One of the most common questions we get is about food. It is pretty much all good news with lots of locally grown products in the public markets and restaurants with a variety of items. Additionally, if what you are looking for is local, it is also likely to be very inexpensive.
What you can find will, of course, vary from town to town. A town with a Gringo population or more tourist infrastructure is going to have more items that appeal to non-locals. If, however, you are on a budget, consider trying to eat like a local.
Public markets are places where local producers can sell their products. In the larger towns, Panajachel being a good example, there is a lot of permanent infrastructure in the public market. That is, you will see stalls that offer packaged goods, clothing, shoes, hardware and, well, just about anything else. Conceptually it is like a department store except all the vendors are independent.
There will be lots of places to, for example, buy broccoli. Some will be in permanent areas of the market, others will just be people sitting on the ground outside with some broccoli to sell. Prices vary as well as quality. If you continue to shop in the public market you will probably develop a relationship with your favorite vendors. Sometimes because of price, other times because of quality.
This is not to suggest that the public market are your only shopping choices, just generally the best. There are many small tiendas that sell some basic food items, sodas, toilet paper and such plus some places called supermarkets that are like small stores on 50 years ago.
You will also find a lot less sense of competition here — both in the public market and the tiendas. You can feel comfortable asking where you might find something they do not have. If they know, they will happily tell you.
Now, should you haggle in the public market? You can, if it is your style. My daughter seems to really like doing it. For me, whether the potatos are Q3 per pound or Q2.5 really doesn’t matter. Or, actually, I would rather have the person who grew them get another Q.5. It’s up to you.
Note that you will find tortilla vendors in/near the public market but in many other locations as well. My preference is black corn tortillas — very unlikely they are GMO — that some vendors will have. Virtially all the places say “a los tres tiempos” (at the three times) but no one can really explain what times those are. Expect to pay Q1 for four tortillas.
You can find a lot of inexpensive (and good) food available from street vendors. Some have carts with wheels and traverse the main streets, others set up in fixed locations. Still other smaller vendors may just be walking with bags of food to sell. My general test is whether or not they seem to have a lot of local business.
You can find quite an assortment by looking around. Tostadas, chicken and potatoes, other meat dishes, ceviche, tamales and more. I also see people walking down the street with a large cake selling pieces. It all depends on what you are looking for.
Not all street food is a good deal. For example, there are people selling nuts from a cart. If you want a small bag of some kind of nuts, it’s fine but generally you can find a pound of the same nuts in the public market for the price of the small bag.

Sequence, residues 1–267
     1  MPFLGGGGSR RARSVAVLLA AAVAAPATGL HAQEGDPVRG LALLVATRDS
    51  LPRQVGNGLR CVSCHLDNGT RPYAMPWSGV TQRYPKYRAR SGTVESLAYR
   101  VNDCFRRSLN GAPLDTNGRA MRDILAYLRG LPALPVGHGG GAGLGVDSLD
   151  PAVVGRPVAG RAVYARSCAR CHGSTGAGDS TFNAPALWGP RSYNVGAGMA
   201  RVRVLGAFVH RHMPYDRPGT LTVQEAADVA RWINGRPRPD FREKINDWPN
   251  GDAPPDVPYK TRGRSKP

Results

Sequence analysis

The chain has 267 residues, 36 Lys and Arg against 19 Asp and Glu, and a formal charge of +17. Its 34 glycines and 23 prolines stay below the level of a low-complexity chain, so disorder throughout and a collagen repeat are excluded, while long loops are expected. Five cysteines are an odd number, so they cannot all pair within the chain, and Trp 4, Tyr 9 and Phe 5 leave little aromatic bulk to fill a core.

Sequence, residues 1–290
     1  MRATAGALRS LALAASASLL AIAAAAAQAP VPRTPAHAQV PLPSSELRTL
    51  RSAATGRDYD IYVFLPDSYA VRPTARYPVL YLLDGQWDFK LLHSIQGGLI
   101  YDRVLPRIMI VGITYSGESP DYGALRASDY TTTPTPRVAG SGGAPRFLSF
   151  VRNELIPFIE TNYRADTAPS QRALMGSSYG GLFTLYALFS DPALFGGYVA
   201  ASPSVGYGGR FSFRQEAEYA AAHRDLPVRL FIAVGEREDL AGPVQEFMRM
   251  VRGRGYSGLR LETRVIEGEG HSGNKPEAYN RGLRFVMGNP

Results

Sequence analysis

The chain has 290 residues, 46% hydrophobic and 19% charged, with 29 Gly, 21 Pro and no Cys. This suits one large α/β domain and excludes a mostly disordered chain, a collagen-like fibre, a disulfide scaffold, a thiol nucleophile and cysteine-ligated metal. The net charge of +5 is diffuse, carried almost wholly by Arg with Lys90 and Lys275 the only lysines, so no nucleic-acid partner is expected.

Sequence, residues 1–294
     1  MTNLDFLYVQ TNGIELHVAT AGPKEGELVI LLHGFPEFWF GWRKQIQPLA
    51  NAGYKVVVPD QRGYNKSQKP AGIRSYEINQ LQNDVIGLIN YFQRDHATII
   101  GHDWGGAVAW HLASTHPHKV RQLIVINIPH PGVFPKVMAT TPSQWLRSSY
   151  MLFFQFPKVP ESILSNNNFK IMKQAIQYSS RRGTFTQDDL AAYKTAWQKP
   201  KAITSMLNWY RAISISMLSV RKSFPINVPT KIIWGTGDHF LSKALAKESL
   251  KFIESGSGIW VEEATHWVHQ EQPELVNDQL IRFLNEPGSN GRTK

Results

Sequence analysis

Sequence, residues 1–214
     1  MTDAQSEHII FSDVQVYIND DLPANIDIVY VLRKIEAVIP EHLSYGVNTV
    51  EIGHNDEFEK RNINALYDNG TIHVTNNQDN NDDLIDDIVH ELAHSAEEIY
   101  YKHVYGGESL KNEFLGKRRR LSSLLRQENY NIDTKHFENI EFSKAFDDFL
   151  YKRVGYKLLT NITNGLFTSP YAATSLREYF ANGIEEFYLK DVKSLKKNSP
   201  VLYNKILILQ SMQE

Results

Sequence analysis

In non-tourist areas you probably won’t find a lot of variety — much like you would not expect a lot of variety in a local restaurant in a small town in the U.S. That doesn’t mean it is bad, just don’t expect a lot of options. We have added a Restaurant Suggestions page where we talk about where we eat.
In tourist areas you can find just about anything. For example, within walking distance from our Off-Santander Room you will find Italian, Mexican, Japanese, German, Malaysian and more. About the cheapest meal you will find in a restaurant is Q12 for a breakfast which includes eggs, beans, tortillas, maybe fruit or cheese and coffee. The most expensive dinners I have seen here consisting of a soup or salad, a main dish with some sort of meat in an exotic sauce, potatoes or rice, vegetables and wine or desert will cost around Q120.
In the mid-range you can find a complete meal for in th Q30 to Q60 range plus beverage. If that doesn’t fit your budget, you really can eat well for close to nothing by judicious use of the public market.
If you are vegetarian, have no fear. Vegetarian breakfasts are common. For other meals you will find soups, pasta dishes, vegetarian tamales and tostadas, pizza and more. Or, just be creative with public market food. For example, when I was first here my typcal dinner was an avocado (Q2-3) and four tortillas (Q1).
In Panajachel, my favorite vegetarian choices are:
- Miso soup and vegetable tempura or veggie sushi rolls at Hana
- Veggie burrito or bean and cheese enchiladas in the Mexican restaurant
- Pupusas at Chero’s bar (he has quite a few vegetarian choices)
- Veggie tostada street food
There are quite a few vegetarian restaurants in San Pedro. For example, the last time I was there I had felafels in a restaurant where the owner speaks Israeli or English but not Spanish.
There are stores that sell tofu and tempeh here which are locally made. The only disappointing thing is that with the exception of the miso soup at Hana, I don’t know any place that serves these products.
Menu Items below this page